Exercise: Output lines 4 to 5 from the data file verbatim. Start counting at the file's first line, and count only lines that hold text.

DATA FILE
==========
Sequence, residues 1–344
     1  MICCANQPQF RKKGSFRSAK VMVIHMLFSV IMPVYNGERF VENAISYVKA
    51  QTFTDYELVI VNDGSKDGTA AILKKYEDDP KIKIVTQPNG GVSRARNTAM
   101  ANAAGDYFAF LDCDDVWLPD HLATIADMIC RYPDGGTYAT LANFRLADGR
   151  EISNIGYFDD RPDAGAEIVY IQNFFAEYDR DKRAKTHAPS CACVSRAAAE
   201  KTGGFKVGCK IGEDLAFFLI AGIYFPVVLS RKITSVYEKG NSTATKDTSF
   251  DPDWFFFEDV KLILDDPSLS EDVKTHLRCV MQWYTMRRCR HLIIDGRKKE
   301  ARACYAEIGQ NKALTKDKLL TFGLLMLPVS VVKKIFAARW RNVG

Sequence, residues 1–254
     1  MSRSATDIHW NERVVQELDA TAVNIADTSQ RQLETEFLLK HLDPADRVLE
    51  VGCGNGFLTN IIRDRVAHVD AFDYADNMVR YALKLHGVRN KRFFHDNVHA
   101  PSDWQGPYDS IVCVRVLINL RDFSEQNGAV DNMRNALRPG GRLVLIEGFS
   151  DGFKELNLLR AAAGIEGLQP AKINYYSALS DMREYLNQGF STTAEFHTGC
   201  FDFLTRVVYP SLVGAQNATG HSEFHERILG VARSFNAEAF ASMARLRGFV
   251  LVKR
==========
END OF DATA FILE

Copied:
   101  ANAAGDYFAF LDCDDVWLPD HLATIADMIC RYPDGGTYAT LANFRLADGR
   151  EISNIGYFDD RPDAGAEIVY IQNFFAEYDR DKRAKTHAPS CACVSRAAAE